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Arlington Eagle Festival, chainsaw carving mark first Saturday of February
ARLINGTON — The first Saturday of February will be marked by tributes to eagles and sawdust flying through the air in downtown Arlington.
This year's Arlington-Stillaguamish Eagle Festival on Saturday, Feb. 4, will once again include the annual eagle photography and nature art show, presented to the public for free by the Arlington Arts Council and the city of Arlington from 3-5 p.m. in Magnolia Hall, located at 225 E. Third St.
City of Arlington Recreation Manager Sarah Lopez explained that photos submitted for the eagle photography contest will be featured in the art show, which also includes nature art in all media. The winning eagle photograph will receive a $100 cash prize and may be displayed on the city's website, featured in the city's newsletter and used in other ways to promote both the city and future Eagle Festivals. This contest is open to photographers of all skill levels who are Snohomish County residents.
The Arts Council is also seeking nature art to be displayed at the art show during the Eagle Festival. Artists are encouraged to submit up to five pieces of art each depicting nature, and a "Best of Show" award of $100 will be presented to the people's choice winner. Young people up to 18 years old are encouraged to submit two works each in the youth art category.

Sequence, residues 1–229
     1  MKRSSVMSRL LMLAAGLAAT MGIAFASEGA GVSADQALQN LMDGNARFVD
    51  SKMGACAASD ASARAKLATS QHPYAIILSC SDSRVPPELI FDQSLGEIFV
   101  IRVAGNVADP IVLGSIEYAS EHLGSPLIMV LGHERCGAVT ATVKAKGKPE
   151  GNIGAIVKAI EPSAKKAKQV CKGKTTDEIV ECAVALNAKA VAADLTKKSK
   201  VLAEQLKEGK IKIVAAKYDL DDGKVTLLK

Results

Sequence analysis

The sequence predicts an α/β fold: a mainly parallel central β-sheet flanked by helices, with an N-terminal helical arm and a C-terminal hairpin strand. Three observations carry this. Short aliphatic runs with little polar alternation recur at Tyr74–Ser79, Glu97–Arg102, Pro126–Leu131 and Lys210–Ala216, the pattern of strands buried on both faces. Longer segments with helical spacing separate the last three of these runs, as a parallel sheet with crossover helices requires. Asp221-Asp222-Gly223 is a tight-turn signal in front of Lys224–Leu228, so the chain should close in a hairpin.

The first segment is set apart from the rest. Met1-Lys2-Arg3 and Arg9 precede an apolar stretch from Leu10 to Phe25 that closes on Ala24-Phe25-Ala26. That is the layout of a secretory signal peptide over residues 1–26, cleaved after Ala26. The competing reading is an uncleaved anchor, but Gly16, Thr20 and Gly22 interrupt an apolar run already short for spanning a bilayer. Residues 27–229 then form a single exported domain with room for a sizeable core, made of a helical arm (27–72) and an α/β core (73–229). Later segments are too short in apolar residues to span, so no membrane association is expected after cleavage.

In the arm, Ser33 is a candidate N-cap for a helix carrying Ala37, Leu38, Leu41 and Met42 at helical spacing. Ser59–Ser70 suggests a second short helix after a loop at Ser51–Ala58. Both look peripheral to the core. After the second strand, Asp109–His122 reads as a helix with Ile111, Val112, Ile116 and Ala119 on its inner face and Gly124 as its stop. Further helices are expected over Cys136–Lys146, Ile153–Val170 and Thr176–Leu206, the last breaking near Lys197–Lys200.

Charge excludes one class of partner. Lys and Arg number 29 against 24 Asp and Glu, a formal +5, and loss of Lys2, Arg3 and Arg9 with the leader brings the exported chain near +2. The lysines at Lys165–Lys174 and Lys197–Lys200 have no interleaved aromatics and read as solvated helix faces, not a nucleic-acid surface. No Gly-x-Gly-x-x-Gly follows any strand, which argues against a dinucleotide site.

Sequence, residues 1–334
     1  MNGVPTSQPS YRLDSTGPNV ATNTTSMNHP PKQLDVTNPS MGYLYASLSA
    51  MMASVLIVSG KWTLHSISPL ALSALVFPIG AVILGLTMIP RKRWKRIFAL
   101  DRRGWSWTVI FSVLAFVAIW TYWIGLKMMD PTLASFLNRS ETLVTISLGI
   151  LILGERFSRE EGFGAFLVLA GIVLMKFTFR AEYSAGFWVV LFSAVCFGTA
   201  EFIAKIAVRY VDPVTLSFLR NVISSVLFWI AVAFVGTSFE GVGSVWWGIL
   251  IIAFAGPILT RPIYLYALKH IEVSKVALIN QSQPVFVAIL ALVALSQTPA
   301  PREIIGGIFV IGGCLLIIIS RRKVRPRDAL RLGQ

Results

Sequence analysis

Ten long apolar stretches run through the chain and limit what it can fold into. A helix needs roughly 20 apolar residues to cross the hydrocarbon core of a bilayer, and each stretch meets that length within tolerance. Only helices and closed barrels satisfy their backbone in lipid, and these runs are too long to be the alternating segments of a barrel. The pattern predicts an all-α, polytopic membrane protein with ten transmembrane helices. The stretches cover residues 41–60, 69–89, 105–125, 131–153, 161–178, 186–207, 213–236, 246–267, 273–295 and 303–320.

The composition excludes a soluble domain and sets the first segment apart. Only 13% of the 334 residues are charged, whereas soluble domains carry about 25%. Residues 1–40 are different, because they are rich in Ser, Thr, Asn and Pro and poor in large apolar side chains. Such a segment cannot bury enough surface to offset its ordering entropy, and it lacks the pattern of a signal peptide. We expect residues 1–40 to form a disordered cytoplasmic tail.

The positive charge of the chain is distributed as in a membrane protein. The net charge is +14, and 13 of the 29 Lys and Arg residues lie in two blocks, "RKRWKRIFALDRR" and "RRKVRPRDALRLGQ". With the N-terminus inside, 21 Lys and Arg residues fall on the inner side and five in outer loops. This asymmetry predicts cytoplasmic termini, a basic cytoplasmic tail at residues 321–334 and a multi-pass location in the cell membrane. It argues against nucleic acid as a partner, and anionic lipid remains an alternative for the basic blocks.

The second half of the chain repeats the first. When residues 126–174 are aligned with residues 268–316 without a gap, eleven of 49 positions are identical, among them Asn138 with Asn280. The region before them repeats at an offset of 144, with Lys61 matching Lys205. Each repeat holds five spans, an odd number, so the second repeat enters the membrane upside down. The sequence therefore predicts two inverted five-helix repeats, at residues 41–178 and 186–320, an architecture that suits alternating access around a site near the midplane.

To enter the show, you may download application forms and additional information at http://arlingtonwa.gov/eaglefest or call 360-403-3448. The fee to enter is $5 per entry, with a limit of one eagle photo per entrant.
The art show on Saturday will be preceded by an artists' reception and wine-tasting on Friday, Feb. 3, from 5-8 p.m.
Saturday, Feb. 4, will also see Studio Tremko co-owners Dave and Debbie Tremko conducting their third Eagle Festival chainsaw carving show, this time at 315 N. West St. in Arlington.
Debbie Tremko, whose wedding and chainsaw carving show this past summer were the subjects of a recently aired episode of "Saw Dogs" on the Discovery Channel, explained that a dozen chainsaw carvers from across the state are set to show up to buzz up some eagle sculptures that will be auctioned off at 4:30 p.m. that Saturday.
"We invite the public to come and watch the carvers, as well as to check our new studio, which is full of chainsaw carvings from different, but all very talented artists," said Debbie Tremko, who also touted the statue that her husband Dave carved for one of the city's roundabouts, which they'll be donating to the city that day. Debbie had carved an eagle sculpture of her own for the city during last year's Eagle Festival, which has already been placed at another of its downtown roundabouts.
"At noon, we'll be presenting the city with a 10-foot-tall carving of two perched eagles and a bear," Debbie Tremko said. "By this summer, we hope to have a back entrance to our studio from the trail, so that customers can walk in and check out all of the carvings in our studio."